Great Conjunction of Jupiter & Saturn | December 21 2020 | Griffith Observatory

Mike Bulgakov

G.O.A.T.


Great Conjunction of Jupiter & Saturn | December 21 2020 | Griffith Observatory
Griffith Observatory
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Watch the Great Conjunction Webcast Live on Monday, December 21, 2020, starting at 4:30 p.m. On Monday, December 21, 2020, the Winter Solstice, planets Jupiter and Saturn will appear in the evening sky very close to each other, at about one-fifth of the Moon's diameter apart. This close approach of the two planets is called a "great conjunction" and occurs when the independent movements of Jupiter and Saturn make them appear close together in the sky. This happens once every 20 years, but they have not been seen this close together since 1226 A.D. If we have clear skies, this conjunction may be seen in the southwestern sky shortly after dark on December 21, and it should be visible from roughly 5:00 p.m. to 6:30 p.m. Jupiter and Saturn will be very close together. Anyone will be able to see the pair with unaided eyes. No telescope or binoculars is required, but a magnified view through a Griffith Observatory telescope will be live streamed. You can also observe both planets and their moons through your own telescope. LIVE WEBCAST: Griffith Observatory will start streaming the winter solstice great conjunction to our YouTube page on Monday, December 21, 2020, at 4:30 p.m., PST. The program will begin with a live view of the sunset, which occurs at 4:48 p.m., PST. A telescopic view of Jupiter and Saturn in conjunction will be streamed live as soon as acquired, in the twilight, perhaps by 5:00 p.m., PST.
 

NonP

Hall of Fame
Haha I just happened to post this rant in a group chat:

Any of you jokers had any luck watching the Great Conjunction/Xmas Star? Gawd most of these online how-tos are almost worse than useless. It was cloudy here in the DMV today so I was gonna have to try the next few days anyway, but I would've been mighty pissed if I did have a great chance to see the thing at its peak.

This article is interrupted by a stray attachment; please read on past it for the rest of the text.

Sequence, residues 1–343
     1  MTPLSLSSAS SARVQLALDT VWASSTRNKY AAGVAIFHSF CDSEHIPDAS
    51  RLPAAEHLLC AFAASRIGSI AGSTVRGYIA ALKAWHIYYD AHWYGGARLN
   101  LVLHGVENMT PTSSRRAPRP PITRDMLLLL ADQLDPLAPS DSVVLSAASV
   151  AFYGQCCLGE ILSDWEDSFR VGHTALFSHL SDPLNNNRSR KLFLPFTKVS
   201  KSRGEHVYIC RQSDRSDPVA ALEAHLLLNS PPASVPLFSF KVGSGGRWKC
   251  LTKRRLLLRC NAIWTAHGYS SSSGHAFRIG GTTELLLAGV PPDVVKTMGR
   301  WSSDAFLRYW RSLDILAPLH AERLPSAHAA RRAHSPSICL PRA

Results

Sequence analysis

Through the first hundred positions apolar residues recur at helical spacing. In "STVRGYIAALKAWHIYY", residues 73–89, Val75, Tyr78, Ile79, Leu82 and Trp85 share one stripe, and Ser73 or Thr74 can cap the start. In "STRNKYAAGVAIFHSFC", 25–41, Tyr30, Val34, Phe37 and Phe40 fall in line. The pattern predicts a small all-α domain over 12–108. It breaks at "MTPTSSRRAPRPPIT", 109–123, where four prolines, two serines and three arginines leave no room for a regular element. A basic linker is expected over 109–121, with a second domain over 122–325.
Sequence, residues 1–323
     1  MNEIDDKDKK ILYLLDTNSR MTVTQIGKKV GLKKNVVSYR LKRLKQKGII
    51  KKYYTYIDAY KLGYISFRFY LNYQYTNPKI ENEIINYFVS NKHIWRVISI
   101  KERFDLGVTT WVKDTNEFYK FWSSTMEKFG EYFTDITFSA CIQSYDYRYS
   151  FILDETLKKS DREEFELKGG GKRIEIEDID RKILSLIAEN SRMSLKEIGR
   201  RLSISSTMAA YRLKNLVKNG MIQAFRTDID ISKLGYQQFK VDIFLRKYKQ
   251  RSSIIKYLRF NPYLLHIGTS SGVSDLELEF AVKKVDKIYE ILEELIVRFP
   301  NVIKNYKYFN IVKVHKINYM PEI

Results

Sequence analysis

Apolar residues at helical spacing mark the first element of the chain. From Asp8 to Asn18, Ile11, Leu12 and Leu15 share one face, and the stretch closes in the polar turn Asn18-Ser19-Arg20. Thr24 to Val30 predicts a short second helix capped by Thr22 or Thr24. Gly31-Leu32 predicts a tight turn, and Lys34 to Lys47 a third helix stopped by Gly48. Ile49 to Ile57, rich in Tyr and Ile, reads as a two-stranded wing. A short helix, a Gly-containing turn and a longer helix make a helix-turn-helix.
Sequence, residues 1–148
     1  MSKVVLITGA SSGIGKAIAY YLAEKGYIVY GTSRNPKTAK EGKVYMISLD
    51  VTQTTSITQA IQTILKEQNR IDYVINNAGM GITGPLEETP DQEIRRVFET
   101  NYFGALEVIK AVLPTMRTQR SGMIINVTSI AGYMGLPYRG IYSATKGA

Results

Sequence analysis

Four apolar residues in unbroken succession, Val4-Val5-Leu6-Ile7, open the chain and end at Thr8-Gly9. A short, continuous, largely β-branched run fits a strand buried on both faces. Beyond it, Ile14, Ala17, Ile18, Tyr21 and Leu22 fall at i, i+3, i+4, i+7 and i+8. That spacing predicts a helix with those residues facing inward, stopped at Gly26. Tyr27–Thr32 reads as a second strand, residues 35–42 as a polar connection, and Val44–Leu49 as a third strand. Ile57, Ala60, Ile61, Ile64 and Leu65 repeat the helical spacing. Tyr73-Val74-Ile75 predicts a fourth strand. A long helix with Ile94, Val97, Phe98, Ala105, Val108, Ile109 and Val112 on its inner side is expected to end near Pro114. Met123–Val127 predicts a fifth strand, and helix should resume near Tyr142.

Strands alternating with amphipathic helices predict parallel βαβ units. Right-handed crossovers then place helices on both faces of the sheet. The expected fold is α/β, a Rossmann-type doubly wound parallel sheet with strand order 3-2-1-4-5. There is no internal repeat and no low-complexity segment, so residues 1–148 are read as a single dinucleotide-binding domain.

Here's a useful tutorial (though it assumes you already know when/where to look):

And while I was typing that the Rebel Without a Cause scene did cross my mind, too! This level of (double) coincidence is almost scary, LOL:


Of course we can't let that reference pass without this:


Hope the Griffith reopens soon!

Just checked, I missed it. Ah well....
Today was the peak day. You'll have more chances over the next few days.
 

Mike Bulgakov

G.O.A.T.
Haha I just happened to post this rant in a group chat:



And while I was typing that the Rebel Without a Cause scene did cross my mind, too! This level of (double) coincidence is almost scary, LOL:


Of course we can't let that reference pass without this:


Hope the Griffith reopens soon!



Today was the peak day. You'll have more chances over the next few days.
That's a pretty good coincidence. I used to like going up to the observatory area to clear my mind while I looked over L.A. below. The view can be fantastic on a clear winter day after winds or rain cleared the pollution.

 

NonP

Hall of Fame
That's a pretty good coincidence. I used to like going up to the observatory area to clear my mind while I looked over L.A. below. The view can be fantastic on a clear winter day after winds or rain cleared the pollution.

Hey the stargazing is even cooler! But yes, the best (over)view of LA, bar none, which makes it one of the two attractions I can heartily recommend in this most overrated of all cities.

And as you may well know nearby is Frank Lloyd Wright's magnificent Hollyhock House. It ain't free (almost nothing in LA is), but $7 for a self-guided tour of that beauty is well worth it. Wasn't a fan of the ugly fences surrounding the downhill side, though. Wonder if they ever got rid of 'em:

 

Mike Bulgakov

G.O.A.T.
Saw this over a farm field last night, had binoculars and the family. A bit chilly, but well worth it.
It was foggy outside my house. When I started this thread, the Griffith Observatory YouTube video was live.
 
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